The point of sale is the process when a transaction takes place. This doesn’t simply apply to cash registers; it also applies to online carts and checkouts. Payments made via a card reader on a smartphone or tablet, as well as transactions conducted with QR codes from payment providers like PayPal, is also eligible. Also, sales tax is generally computed and charged at the moment of these transactions.
Here are five types of POS systems that are evolving, and how using them, your company can stay ahead of the curve.
- Mobile POS
In current time, customers are moving away from cash, therefore businesses should consider taking mobile payments. Customers prefer to pay using credit cards and mobile wallets rather than cash. According to Finance Magnates, by 2025, 75% of all transactions will be cashless.
Since businesses can collect credit card payments from anywhere with an internet connection, customers have greater control over how they pay with mobile POS systems.
Businesses may not need to rebuild their equipment or undergo extensive employee training to begin accepting mobile payments, depending on the system. Customers can pay directly from their smartphones or by using a POS scan with mobile credit card processing services, which use a credit card reader attached to a smartphone or tablet with the necessary mobile app. While mobile wallet providers and loyalty mobile apps let customers pay directly from their smartphones or by using a POS scan.
- Shared commerce
A company’s growth can be accelerated by moving its activities online. Businesses previously had to run data from their e-commerce platforms and physical point-of-sale systems. You’ll need to import both findings into a spread sheet, accounting system, or other reporting programme to run a report. Businesses, on the other hand, may save a lot of time by automating the process using shared commerce POS solutions.
Shopify’s POS system is one e-commerce option. It works with Shopify’s iOS and Android apps to track both online and offline transactions. The Shopify POS synchronises financial and product information in a unified dashboard, eliminating the need to manage two sets of inventory and payment systems. With this, you’ll get instant access to real-time data and customer insights across two sales channels, eliminating the need to run reports on numerous platforms.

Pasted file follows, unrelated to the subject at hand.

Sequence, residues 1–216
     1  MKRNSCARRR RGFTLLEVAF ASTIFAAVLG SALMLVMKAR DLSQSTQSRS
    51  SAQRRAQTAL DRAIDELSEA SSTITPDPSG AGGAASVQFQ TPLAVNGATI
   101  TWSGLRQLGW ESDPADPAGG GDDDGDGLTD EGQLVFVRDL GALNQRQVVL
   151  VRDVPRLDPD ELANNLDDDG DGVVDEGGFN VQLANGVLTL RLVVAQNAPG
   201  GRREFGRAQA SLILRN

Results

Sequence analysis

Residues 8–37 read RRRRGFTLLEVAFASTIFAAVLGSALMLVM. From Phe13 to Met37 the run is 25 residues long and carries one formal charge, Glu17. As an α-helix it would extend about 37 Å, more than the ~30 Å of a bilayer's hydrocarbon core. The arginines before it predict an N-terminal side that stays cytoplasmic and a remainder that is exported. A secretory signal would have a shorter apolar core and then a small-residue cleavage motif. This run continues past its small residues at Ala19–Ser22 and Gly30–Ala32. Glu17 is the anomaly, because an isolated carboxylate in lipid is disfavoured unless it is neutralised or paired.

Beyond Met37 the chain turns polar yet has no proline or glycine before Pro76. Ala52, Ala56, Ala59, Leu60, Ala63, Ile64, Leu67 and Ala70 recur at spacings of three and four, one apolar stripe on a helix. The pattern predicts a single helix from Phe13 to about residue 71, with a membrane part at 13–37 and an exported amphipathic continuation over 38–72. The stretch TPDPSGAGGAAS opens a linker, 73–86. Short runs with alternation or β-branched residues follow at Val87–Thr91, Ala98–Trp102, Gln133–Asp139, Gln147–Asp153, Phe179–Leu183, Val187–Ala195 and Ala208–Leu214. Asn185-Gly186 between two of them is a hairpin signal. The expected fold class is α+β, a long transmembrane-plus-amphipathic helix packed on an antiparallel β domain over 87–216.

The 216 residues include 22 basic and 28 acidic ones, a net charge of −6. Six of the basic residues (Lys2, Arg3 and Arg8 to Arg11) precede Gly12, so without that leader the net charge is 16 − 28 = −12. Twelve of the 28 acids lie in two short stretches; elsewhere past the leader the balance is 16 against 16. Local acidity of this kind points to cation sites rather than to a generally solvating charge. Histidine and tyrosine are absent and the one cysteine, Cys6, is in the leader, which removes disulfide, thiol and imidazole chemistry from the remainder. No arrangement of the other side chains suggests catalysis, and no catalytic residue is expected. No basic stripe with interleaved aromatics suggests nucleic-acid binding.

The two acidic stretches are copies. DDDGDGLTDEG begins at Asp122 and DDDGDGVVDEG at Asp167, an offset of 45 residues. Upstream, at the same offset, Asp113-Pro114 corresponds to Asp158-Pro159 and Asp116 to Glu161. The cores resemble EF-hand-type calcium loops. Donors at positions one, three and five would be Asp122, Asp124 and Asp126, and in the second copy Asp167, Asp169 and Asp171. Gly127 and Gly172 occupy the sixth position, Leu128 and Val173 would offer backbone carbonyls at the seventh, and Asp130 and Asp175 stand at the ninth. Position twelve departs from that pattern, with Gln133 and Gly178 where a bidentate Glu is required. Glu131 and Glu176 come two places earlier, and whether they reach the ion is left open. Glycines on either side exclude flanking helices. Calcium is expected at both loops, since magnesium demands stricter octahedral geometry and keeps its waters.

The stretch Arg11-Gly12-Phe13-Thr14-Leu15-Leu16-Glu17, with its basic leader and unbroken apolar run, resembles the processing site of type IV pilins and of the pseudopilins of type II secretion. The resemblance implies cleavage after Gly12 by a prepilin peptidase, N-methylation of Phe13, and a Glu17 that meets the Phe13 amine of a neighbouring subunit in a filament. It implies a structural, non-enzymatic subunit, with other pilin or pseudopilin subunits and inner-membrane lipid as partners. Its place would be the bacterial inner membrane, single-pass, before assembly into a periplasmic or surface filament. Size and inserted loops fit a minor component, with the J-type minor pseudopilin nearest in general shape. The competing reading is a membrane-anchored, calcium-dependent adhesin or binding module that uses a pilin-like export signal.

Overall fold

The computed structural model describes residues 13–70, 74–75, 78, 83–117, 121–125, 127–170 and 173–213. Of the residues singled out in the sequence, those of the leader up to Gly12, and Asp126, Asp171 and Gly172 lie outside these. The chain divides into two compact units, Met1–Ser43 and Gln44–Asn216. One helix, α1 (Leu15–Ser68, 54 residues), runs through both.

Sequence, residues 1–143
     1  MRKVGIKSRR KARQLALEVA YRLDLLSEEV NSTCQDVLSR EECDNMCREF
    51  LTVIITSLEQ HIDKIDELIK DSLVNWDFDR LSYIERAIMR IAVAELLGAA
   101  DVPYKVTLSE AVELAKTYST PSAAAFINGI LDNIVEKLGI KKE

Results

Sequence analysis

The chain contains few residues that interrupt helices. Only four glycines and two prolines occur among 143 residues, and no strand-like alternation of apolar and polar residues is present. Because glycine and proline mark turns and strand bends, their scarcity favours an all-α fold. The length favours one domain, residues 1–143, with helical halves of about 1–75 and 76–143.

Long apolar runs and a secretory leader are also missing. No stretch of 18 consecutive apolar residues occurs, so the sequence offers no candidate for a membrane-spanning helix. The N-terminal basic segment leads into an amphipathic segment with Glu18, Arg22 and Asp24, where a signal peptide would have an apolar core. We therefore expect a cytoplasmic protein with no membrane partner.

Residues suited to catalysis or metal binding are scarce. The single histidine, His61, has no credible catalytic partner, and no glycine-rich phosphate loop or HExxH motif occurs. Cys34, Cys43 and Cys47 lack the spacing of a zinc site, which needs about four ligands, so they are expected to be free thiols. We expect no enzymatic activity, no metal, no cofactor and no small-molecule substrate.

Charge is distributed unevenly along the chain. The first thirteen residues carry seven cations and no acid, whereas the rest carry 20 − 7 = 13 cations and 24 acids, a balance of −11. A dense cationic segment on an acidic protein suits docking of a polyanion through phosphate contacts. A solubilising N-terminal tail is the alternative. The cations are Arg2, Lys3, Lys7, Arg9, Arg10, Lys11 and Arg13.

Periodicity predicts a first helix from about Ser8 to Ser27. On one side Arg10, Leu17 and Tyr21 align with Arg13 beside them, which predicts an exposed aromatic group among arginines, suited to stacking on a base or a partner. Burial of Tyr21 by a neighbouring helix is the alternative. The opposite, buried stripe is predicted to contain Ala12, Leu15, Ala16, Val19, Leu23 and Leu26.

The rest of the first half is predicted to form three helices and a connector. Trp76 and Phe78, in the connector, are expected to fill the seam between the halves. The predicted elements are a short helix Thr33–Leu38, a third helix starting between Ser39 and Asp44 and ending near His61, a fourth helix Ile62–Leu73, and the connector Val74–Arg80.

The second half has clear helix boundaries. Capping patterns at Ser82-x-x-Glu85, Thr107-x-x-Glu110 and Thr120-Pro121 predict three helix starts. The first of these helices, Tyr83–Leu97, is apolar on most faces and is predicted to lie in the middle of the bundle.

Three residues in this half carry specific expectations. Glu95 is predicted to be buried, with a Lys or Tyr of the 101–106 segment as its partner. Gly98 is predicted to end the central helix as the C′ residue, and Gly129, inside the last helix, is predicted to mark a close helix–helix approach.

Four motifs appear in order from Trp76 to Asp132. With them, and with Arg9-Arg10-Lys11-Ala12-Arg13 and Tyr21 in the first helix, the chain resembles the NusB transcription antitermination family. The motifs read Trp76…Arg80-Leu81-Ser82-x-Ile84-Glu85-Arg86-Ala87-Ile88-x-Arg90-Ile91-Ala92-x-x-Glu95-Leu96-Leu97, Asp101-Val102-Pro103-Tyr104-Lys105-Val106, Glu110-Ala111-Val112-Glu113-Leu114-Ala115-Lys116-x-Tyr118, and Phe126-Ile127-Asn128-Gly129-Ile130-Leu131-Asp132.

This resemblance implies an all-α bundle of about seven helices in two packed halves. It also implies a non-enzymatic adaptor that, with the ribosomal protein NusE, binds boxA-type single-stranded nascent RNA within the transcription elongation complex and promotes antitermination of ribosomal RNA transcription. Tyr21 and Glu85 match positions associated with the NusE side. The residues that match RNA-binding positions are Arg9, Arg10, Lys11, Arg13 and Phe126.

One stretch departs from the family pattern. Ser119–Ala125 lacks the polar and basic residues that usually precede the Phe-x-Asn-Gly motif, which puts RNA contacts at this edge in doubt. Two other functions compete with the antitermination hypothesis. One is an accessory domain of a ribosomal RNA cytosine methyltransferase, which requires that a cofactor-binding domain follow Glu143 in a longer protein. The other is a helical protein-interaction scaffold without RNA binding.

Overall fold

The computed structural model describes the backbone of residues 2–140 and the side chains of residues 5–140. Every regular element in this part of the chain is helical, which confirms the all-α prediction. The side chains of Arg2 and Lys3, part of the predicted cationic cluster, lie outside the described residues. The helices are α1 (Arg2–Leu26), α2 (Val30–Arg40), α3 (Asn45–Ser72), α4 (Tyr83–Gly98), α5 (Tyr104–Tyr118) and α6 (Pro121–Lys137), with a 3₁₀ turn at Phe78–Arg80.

- Big data for SMBs
Huge data isn’t just for big businesses with big expenditures for insight. Small companies can get access to sophisticated data from their POS systems at an affordable price. The use of POS data intelligence technologies isn’t limited to the retail industry.
Toast is a restaurant POS system that streamlines “restaurant operations by combining POS, front-of-house, back-of-house, and guest-facing technology on a single platform,” as well as allowing owners to “monitor restaurant sales, labour costs, food costs, and more in real time, at home, and on the go with powerful reporting capabilities.”
- POS + CRM
To assist businesses improve sales and income, new POS systems connect real-time transactions with CRM solutions. POS/CRM connection allows you to understand which customers are driving your sales and whose loyalty is worth pursuing, whereas prior POS systems could only give basic data about consumer behaviour (if they supplied any).
Sellsy, an online CRM and invoicing software, is one such option. Businesses may build customer data, CRM activities, and email marketing lists directly from their POS tills thanks to its POS connection.
- IoT and POS security
The internet of things (IoT) – the interconnection and communication of devices, networks, and physical items through the internet allows POS systems to be linked to front- and back-end operations like as CRM, accounting, and inventory management. As a result, POS systems are subject to data breaches and hacking.
Cybercriminals had been targeting POS systems to collect consumer and credit card data by distributing malware through internet-connected devices. This also has been observed by Department of Homeland Security’s United States Computer Emergency Readiness Team, which has issued an alert and best practises guidelines in 2014 related to this subject.
Using strong passwords, ensuring you have the latest POS software updates, installing a firewall, using antivirus programmes, restricting unauthorised internet access and disabling remote access to POS systems are all recommended by US-CERT as ways to protect POS systems. Your POS system supplier should also have the necessary security and compliance measures in place as part of your service-level agreement.